Money May Not Grow on Trees, but Chocolate Does!

Holly Masek takes us behind the wrapper, into the world of cacao trees and pods. Who knew chocolate grew on trees!

Food Facts

Money May Not Grow on Trees, but Chocolate Does!

Inside a cacao farm…

-Holly Masek

cacao treeChocolate. It’s delicious. We all love it, but few of us know where chocolate actually comes from.

It’s NOT Belgium, Switzerland or France. Cacao trees can’t grow there! Cacao comes from countries with tropical climates like Mexico, Brazil and Africa’s Ivory Coast.

I recently traveled to Belize, where Mayan farmers are still harvesting cacao much as their ancestors did thousands of years ago. The ancient Maya ground cacao into a warm, thick chocolate drink. Today the local farmers sell their cacao beans through a cooperative to companies like Green & Blacks to make organic, Fair Trade chocolates.

I joined a tour through Cotton Tree Lodge to visit a cacao farm. Our guide, farmer Juan Cho, showed us through groves of cacao trees – all organically grown and tended lovingly by several generations of his family.

cacao pods

Cacao is a fruit with enough strains and special breeds to keep any foodie happy. The ‘pods’ come in shades of red, green, orange and brown and grow along the trunks and branches of the cacao trees.

eating a cacao podEach pod holds about 40 cacao beans surrounded by a tangy, white slimy pulp. Local kids love eating the pulp, so Juan cracked open a pod with his machete to let us have a taste too. Delicious!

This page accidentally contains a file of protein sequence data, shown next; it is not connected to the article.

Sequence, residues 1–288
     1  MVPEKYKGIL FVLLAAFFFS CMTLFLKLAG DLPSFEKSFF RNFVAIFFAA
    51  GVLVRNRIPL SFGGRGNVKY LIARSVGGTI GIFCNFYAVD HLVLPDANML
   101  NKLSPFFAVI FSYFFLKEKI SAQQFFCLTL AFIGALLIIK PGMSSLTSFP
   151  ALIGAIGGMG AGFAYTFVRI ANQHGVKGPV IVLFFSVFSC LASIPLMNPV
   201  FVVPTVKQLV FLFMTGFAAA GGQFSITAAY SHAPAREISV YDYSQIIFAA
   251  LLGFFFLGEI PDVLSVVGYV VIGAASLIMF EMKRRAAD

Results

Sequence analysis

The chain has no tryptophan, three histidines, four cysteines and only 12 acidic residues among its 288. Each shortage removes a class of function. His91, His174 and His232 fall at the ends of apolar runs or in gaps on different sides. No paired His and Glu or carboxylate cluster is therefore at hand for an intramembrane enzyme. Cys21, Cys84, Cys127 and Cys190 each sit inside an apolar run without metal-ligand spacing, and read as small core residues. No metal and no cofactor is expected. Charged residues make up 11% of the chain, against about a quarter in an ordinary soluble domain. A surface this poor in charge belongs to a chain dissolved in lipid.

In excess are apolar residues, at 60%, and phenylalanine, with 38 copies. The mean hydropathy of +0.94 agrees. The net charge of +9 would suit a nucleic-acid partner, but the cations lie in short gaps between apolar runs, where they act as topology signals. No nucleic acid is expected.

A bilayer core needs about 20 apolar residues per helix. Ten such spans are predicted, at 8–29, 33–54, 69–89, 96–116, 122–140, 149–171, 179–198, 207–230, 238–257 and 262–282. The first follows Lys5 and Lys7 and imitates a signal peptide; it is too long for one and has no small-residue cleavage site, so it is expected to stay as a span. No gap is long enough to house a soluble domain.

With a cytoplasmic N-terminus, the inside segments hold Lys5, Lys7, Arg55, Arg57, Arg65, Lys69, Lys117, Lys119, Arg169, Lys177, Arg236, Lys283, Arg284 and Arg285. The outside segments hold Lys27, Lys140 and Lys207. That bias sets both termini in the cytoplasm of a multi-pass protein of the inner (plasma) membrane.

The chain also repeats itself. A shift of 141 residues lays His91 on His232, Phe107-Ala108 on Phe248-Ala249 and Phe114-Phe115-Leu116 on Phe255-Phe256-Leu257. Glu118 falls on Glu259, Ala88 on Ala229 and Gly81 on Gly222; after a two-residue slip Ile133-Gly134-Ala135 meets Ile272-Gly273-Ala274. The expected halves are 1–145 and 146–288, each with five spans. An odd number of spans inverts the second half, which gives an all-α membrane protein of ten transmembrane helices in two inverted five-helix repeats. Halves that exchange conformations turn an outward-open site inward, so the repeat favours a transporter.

After the cacao pods have been harvested and opened, the slimy seeds must be loosened from the stem, wrapped in banana leaves and allowed to ferment for several days. From there they are thoroughly dried in the sun and shipped off to chocolate factories in the United States and Europe.

Juan’s mother, Cyrila Cho, produces her own brand of hand-made chocolate and showed us how she roasts and peels the cocoa beans to get down to the essential bits, called nibs. She then grinds the nibs with local cane sugar, allspice, nutmeg and vanilla to produce a truly unique, aromatic, chocolate paste, which she molds into bars. Cyrila let us each take a turn on her 300-year-old volcanic grinding stone, which her family brought from Guatemala-definitely hard work!

More about chocolate:

If you are interested in making your own chocolate, check out to purchase mechanized equipment for home chocolate makers.

Cotton Tree Lodge offers Juan Cho’s Chocolate Farm Tour weekly for $79 U.S per person. The lodge also hosts special Chocolate Weeks twice a year.

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0 thoughts on “Money May Not Grow on Trees, but Chocolate Does!

  1. Isn’t it amazing? When you look at the real starting process, you’d never think of it.
    You ask yourself how THAT can turn into delicious chocolate?

    Honestly, I think that some of the Local Mexican Chocolate makers are the best I’ve ever tasted, over fancy expensive ones.

    Things are always better when made from where they come from.

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